Read all reviews for Bleeding Edge
Lion Heart by Justin Cartwright
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"Cartwright carries the reader through all this with the energy of his writing ... even the more fantastic twists in the plot become believable." Edward Stourton, Financial Times VS "So undeniably (and even weirdly) messy that it increasingly feels less like a novel about the essential incoherence of life than simply an incoherent novel." James Walton, The Spectator
Marriage Material by by Sathnam Sanghera
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"Dangerous material is handled with a darkly comic lightness of touch, and an impassively detached ironic tone that may owe something to Bennett — like Bennett, Sanghera makes good use of local newspaper cuttings, letters to the editor, and contemporary fashion magazine material" Margaret Drabble, The Spectator
The Deaths by Mark Lawson
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"The best thing about The Deaths has nothing to do with the deaths. It’s Lawson’s Tom Wolfeian reportage, which is wonderfully vivid and detailed" John O'Connell, The Guardian VS "Worst point of this novel: its main characters are so unappealing it’s not much fun spending time with them – if I was at a party having these conversations I’d go to bed early." Victoria Moore, The Daily Mail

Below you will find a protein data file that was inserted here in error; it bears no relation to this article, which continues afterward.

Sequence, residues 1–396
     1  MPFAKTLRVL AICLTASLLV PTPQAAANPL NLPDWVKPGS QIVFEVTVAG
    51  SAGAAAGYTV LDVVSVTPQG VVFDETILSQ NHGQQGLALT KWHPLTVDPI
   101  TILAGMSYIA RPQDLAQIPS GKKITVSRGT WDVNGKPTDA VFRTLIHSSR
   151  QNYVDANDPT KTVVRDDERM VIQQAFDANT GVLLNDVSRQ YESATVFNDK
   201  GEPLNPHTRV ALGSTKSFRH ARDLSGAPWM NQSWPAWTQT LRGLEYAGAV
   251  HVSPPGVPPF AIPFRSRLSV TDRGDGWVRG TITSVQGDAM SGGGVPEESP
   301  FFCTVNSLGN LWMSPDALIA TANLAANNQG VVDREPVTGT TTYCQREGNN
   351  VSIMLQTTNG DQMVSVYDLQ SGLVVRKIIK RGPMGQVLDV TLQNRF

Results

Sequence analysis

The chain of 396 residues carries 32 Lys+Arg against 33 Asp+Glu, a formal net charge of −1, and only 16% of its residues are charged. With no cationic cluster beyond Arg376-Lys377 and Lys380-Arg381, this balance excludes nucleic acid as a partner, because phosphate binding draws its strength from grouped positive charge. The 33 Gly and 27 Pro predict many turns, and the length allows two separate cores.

Best of the rest
Enon by Paul Harding, The Windsor Faction by DJ Taylor, 419 by Will Ferguson, My Name is... by Alastair Campbell

Pick of the paperbacks
Dear Life by Alice Munro, A Hologram for the King by David Eggers, Dominion by CJ Samson
Olivier by Philip Ziegler
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"It is a joyfully refreshing thing that this definitive and best-sourced biography of Laurence Olivier (for it surely is so) is not written by an insider-ish theatre obsessive" Libby Purves, The Times VS "Astonishingly, not a single performance is described ... Instead it’s all boring National Theatre bureaucracy battles, e.g. the memorandum Olivier wrote concerning ‘the quality of the lavatory paper in the staff toilets’ at the Old Vic." Roger Lewis, Daily Mail
Wilkie Collins: A Life of Sensation by Andrew Lycett
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"He is excellent on Collins’s friendship with Dickens ... And he answers the main question of any literary biography: why do we continue to read the novels?" Judith Flanders, The Times VS " was not close attention to the writing that I missed most in Lycett’s diligent biography, it was enough of a sense of the charm of Wilkie Collins" Catherine Peters, Literary Review